Plantar fasciitis (PF) is one of the most common causes of foot pain in both runners and non-runners alike. If left untreated, it can become painful enough that it stops you in your tracks.
No runner wants that.
PF can start as a manageable tightness, ache or pain in the arch of the foot or heel, maybe just a hint that trouble is brewing. But when those first barefoot steps in the morning are accompanied by a sharp pain in or around the heel that makes you want to jump back in bed or limit walking altogether, you’ve likely developed some inflammation that will get in the way of your running.
Plantar fasciitis is an inflammation of the plantar fascia, a thick band of tissue that runs across the bottom of the foot. Spreading from the base of your heel (or calcaneus) to the base of your toes, this band of fascia can lead to some intense pain at its attachment point along the heel if not addressed early on. Read more on how to treat and prevent plantar fasciitis.
While most people associate the plantar fascia with this painful syndrome, this tissue actually serves an important purpose. As you walk or run (especially barefoot), the small bones of your feet move, helping you adapt to different contours of uneven terrain. Muscles, bones, ligaments, and tendons work together to allow your feet to be both a moveable, adaptable connection to the world as well as a rigid lever when needed—sturdy enough to propel your whole body from one foot to the other.
The plantar fascia, while occasionally problematic, is usually a great support (literally), helping to stabilize the arch of your foot and provide shock absorption as you move. If your arch is repeatedly collapsing or there is weakness in your body leading to poor body mechanics with gait, this can stress the tissue where it attaches to the bone and lead to pain.
How to treat plantar fasciitis pain
1. Ice massage. Take an ice cube or freeze a paper cup full of water then peel the top part of the cup off. Place a towel under your foot as you apply the ice directly to the most painful spot and make circles for about 1-3 minutes.
2. Adjust your footwear. Old, flat, hard, or unsupportive footwear can contribute to overloading the plantar fascia tissue. Consider buying a new pair of shoes or trying a pair with better arch support or heel cushioning. Avoid flat-soled, hard dress shoes until the pain subsides.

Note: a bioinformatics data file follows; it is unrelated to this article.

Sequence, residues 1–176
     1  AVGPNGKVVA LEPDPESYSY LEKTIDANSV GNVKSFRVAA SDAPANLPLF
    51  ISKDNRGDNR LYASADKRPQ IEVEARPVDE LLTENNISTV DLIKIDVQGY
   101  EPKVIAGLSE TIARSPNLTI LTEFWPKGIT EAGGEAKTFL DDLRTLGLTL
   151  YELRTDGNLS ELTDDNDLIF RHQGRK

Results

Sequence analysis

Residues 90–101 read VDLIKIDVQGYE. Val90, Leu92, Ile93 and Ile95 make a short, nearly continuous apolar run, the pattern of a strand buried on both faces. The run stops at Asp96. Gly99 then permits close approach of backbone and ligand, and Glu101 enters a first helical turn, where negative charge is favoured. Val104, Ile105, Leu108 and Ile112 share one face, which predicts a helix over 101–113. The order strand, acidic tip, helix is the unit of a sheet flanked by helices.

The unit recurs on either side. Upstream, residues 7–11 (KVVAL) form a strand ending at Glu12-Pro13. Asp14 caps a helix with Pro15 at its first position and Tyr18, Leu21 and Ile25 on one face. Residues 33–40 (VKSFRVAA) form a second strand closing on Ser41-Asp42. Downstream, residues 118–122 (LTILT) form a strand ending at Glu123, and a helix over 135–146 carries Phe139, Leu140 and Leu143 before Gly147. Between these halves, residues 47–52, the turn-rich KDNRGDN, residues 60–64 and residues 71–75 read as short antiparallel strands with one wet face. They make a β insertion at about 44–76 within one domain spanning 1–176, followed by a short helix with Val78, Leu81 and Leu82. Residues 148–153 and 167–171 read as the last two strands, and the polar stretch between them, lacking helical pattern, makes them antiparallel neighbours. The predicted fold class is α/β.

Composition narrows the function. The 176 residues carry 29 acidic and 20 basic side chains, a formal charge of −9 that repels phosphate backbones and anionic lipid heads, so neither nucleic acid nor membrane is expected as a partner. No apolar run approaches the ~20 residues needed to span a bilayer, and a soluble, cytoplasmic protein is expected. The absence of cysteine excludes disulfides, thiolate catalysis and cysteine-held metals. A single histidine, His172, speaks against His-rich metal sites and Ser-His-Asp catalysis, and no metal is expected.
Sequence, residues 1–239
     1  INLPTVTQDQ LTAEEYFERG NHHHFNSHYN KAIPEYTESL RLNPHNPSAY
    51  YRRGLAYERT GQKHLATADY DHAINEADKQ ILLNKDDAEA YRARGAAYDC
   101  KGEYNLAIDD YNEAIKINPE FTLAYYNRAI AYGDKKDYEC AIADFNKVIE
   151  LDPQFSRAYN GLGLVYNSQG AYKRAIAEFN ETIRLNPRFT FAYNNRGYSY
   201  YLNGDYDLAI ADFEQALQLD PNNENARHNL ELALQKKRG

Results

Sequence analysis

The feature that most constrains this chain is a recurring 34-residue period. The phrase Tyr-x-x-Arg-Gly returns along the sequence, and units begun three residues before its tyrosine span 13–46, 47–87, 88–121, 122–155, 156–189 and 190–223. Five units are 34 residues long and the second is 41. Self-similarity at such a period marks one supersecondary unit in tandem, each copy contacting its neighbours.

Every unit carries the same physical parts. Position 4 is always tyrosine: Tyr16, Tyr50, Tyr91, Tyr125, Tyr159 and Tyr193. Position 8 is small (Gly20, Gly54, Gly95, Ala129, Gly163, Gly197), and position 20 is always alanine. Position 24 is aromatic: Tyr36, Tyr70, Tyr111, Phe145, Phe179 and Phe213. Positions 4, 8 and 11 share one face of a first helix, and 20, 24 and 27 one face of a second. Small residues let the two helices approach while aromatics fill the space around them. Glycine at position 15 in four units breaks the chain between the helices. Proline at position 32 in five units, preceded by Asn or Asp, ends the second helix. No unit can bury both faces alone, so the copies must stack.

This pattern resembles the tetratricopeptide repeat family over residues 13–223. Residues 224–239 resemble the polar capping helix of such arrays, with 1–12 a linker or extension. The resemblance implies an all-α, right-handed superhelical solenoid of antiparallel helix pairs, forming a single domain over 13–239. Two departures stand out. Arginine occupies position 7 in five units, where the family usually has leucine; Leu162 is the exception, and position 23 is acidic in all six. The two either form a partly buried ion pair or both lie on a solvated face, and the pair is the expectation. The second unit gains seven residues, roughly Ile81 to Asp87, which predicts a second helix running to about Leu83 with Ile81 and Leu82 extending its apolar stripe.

3. Foam roll and stretch. The plantar fascia is not working alone. It is a continuation of a much larger and broader band of fascia that begins as high as the hips. Often, tightness or tension begins in the hamstrings and travels down the calves before wrapping around the heel and continuing in the feet. Be sure you stretch the hamstrings, calves, and big toe, as well as foam rolling the calves, in particular, to try and reduce tension in these muscles.
4. Roll a tennis or lacrosse ball under the foot. The truth is, the plantar fascia isn’t the only structure that needs some TLC. Place a tennis or lacrosse ball (or even a frozen water bottle) under the arch of your foot and roll your foot back and forth over it for about 1-2 minutes per day for some immediate relief.
5. Strengthen your system. While it may seem counterintuitive, plantar fasciitis or any inflammatory condition can usually be paired with weakness elsewhere. Eccentrically load and strengthen the calves while also working on dynamic single-leg balance activities and hip strengthening to help support that single-leg strength and stability you need for running.
These basic at-home therapies can help you manage occasional pain and get back to your running routine. Remember to always listen to your body, and see a doctor if pain worsens or persists.
Please note: This blog is not intended to be a substitute for professional medical advice, diagnosis, or treatment. Always seek the advice of your physician or other qualified health provider with any questions you may have regarding a medical condition.